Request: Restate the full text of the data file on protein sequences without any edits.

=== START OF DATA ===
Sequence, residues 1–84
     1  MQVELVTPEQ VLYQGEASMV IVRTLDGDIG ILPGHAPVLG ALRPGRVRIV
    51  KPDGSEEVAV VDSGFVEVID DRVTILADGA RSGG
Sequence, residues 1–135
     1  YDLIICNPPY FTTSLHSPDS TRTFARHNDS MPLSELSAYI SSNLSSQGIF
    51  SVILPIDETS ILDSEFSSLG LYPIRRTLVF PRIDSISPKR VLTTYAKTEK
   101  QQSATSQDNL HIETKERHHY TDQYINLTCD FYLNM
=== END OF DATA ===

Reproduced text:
Sequence, residues 1–84
     1  MQVELVTPEQ VLYQGEASMV IVRTLDGDIG ILPGHAPVLG ALRPGRVRIV
    51  KPDGSEEVAV VDSGFVEVID DRVTILADGA RSGG
Sequence, residues 1–135
     1  YDLIICNPPY FTTSLHSPDS TRTFARHNDS MPLSELSAYI SSNLSSQGIF
    51  SVILPIDETS ILDSEFSSLG LYPIRRTLVF PRIDSISPKR VLTTYAKTEK
   101  QQSATSQDNL HIETKERHHY TDQYINLTCD FYLNM